Jhe strength of the labor movement, historian Eric Hobsbawm once wrote, cannot be fully understood by looking at the lines on a graph that show membership. Instead, there are “jumps”, “jumps” and “explosions” in the activity. For him, these unpredictable peaks and sudden surges are produced by “accumulations of flammable material which ignite only periodically, so to speak under compression”.
Britain is currently experiencing a moment of ignition. Welcome to what many have already dubbed “the summer of the hot strike”.
Obviously, what happens to our pay packages is a big part of the story. If you take inflation into account, wages are set at decrease by £1,750 over the next two years. The only group of workers whose wages are rising with prices are those earning over £170,000 a year.
But that’s not all. For the first time since records began, a decline in the labor force meant there are more vacancies than unemployed. Struggling to attract people to vacant positions, some employers have sought to impose compulsory overtime on their existing staff – this has been one of the contentious issues during the Caterpillar strike in Northern Ireland.
Then there is the pandemic. While disrupting and reorganizing our ways of working, Covid-19 also laid the foundations for the current unforeseen upswing in workers’ self-confidence. The pandemic is fighting fire and rehire tactics and the reopening of schools have given workers an opportunity to flex their muscles and boost their collective confidence. A key lever in many of the disputes we are currently witnessing – the action of the Communications Workers Union against royal mail and the LV Group, RMT Action against Network Rail, or the Number of Shares by outsourced hospital cleaners and porters – this is the idea of the “key worker”. In the face of excessive hours, pandemic-related job stress and rapidly eroding working conditions, those deemed “essential” have been repeatedly told they deserve better. But, as CWU Deputy General Secretary Terry Pullinger recently said, “We’re not getting what we deserve. We get what we bargain for.
Labor action is now at its highest level in five years, although the average over the past decades is down in historical terms. The RMT industrial action in June was the largest on the rail network in more than 30 years. The CWU secured a 97.6% vote on a 77% turnout for a strike against the Royal Mail, making it the biggest strike mandate since the implementation of the Trade Unions Act 2016 . In the 10 months since her election as Unite General Secretary, Sharon Graham has overseen 63,000 conflicting Unite members. If workers are forced topay the price of inflation“, she warned that there could be hundreds of additional conflicts.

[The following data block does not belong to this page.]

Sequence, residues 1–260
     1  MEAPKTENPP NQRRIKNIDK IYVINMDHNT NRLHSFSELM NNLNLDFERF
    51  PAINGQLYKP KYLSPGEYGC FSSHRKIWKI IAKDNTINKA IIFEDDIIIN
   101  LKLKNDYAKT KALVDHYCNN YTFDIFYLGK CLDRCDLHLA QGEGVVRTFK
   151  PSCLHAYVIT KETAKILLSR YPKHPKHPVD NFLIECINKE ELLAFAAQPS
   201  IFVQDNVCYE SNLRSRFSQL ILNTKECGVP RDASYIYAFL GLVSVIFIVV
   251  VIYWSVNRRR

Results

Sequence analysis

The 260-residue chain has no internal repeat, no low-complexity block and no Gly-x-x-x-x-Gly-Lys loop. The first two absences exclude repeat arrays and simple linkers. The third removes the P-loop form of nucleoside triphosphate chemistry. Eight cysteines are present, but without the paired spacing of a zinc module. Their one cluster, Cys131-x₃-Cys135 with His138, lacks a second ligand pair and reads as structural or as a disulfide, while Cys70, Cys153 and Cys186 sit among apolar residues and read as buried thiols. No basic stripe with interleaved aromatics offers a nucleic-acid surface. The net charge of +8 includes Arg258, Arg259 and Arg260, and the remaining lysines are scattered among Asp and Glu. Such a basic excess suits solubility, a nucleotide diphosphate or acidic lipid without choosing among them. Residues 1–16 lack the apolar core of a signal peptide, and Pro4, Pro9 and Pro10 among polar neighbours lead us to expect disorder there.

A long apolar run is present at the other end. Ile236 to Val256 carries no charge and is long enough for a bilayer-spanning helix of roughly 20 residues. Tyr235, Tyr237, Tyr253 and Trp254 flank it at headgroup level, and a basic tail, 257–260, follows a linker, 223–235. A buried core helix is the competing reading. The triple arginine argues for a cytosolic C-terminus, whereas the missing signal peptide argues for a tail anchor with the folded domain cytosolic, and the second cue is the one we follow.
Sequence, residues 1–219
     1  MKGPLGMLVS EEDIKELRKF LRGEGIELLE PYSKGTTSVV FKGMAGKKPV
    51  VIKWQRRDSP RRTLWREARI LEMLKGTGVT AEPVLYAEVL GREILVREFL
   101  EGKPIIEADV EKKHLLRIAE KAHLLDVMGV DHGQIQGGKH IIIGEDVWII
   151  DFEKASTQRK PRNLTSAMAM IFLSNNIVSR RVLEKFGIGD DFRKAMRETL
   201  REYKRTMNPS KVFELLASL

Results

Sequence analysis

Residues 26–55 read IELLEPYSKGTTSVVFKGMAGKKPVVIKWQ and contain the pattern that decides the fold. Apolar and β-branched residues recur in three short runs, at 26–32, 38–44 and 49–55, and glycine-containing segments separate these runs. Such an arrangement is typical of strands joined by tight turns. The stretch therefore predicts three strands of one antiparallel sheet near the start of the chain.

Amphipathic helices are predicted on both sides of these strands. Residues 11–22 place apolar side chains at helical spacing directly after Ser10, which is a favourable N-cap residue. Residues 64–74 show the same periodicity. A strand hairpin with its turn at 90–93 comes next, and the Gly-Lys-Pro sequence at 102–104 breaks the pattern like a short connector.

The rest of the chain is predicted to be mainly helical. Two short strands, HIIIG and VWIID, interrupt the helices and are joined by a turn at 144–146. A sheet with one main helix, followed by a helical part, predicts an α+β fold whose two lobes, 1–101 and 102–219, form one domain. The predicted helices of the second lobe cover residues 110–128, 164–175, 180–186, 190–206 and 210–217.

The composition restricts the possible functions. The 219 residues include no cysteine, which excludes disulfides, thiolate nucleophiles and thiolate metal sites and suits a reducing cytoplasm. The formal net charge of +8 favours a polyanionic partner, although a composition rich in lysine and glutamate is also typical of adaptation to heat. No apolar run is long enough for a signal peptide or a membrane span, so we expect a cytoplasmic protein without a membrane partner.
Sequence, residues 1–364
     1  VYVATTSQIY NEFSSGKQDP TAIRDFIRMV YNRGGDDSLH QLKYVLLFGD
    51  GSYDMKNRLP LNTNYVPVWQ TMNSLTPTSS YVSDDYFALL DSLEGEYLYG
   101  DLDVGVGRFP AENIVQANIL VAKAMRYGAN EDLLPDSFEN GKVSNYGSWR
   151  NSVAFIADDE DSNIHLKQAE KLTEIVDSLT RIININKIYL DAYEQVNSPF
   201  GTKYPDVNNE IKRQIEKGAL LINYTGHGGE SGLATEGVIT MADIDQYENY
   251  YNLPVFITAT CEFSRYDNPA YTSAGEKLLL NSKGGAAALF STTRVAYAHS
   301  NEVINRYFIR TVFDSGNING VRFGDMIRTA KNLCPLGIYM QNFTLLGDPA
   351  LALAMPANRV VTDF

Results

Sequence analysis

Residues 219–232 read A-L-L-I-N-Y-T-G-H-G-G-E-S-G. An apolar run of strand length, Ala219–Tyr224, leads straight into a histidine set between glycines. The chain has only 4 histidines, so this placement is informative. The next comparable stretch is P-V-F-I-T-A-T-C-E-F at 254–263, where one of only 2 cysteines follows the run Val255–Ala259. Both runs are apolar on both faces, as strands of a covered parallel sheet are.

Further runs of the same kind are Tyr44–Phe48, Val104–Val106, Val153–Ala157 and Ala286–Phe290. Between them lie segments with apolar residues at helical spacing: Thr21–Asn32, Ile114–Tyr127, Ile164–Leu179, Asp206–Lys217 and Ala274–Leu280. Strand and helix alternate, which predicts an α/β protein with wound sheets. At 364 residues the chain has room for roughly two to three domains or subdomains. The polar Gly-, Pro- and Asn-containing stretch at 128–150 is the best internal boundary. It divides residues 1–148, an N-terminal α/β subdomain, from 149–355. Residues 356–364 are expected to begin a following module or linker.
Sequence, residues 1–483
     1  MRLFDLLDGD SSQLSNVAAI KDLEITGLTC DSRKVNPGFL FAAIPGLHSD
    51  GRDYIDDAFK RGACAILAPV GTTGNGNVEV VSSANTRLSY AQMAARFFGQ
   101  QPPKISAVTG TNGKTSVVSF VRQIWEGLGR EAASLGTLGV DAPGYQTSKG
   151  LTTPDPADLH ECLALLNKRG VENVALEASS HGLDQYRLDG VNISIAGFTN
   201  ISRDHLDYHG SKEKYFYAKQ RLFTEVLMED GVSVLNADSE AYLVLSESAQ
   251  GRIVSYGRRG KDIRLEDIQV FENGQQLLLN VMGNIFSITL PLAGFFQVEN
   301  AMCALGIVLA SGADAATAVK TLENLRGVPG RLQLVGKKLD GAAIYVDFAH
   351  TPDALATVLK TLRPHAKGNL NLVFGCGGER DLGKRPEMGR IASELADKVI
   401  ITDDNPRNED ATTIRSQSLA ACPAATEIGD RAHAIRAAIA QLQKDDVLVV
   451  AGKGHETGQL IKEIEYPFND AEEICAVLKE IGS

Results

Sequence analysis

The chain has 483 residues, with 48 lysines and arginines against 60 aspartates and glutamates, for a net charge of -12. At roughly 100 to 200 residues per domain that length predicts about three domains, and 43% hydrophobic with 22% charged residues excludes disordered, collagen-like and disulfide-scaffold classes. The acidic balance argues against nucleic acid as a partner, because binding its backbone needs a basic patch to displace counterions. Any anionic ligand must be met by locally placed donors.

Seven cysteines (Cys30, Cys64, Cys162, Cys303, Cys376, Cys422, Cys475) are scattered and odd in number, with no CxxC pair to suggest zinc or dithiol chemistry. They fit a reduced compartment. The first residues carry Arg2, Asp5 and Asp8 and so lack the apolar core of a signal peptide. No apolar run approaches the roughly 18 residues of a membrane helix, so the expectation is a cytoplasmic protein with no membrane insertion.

At present, industrial action is largely concentrated in the public sector. This is partly due to a discrepancy in the average wage growth, which for the current year stands at 7.2% for the private sector and only 1.5% for the public sector. It is also due to a gap in membership: the most recent data shows that, while 51.9% of employees in the public sector were unionized, only 12.9% of employees in the private sector were. But this has the effect of giving strikes an explicitly political dimension, since public sector pay is ultimately determined by elected officials. Add to this the way the unions have introduced analyzes and ideas into public discourse that Labor has largely avoided – think of the profit restriction requirements to fight inflation, instead of cutting wages – and you can see why even relatively small strike actions can have an outsized influence.
But those who are excited about the current moment should be cautious. Where the wave of strikes exists in the private sector, it has not made much headway beyond formerly nationalized industries – for example, British Airways or the railways. And, as feelings of injustice turn into activism, it is far from clear that unions are up to the task. In June, as the RMT defiantly went on strike in response to Network Rail’s call 2% salary increasesupermarket workers’ union Usdaw seen negotiating a 2% pay rise for Morrisons workers as a victory. When the pay deal – which trade unionist called the “highest base rate of pay in the supermarket industry” – was put to a vote by Morrisons Usdaw members, they voted to reject it.
What we face today, in the words of American labor scholar Kim Moody, are “opportunities, not certainties”. While this year’s conflicts so far are impressive and significant, they are also defensive: much of the fight is about preventing conditions from getting any worse, even if the rhetoric is more ambitious. The surprise arrival of economic circumstances conducive to worker power – high inflation, a tight labor market and supply chain disruptions – can also lead to the risk of complacency. There are lots of promises in the increased will of both the grassroots and the leaders to act, but the circumstances, likely to fluctuate, do not guarantee success.
As Hobsbawm noted, there is a difference between the accumulation of flammable materials and their ignition. But when workers see each other fighting, sparks can start to fly.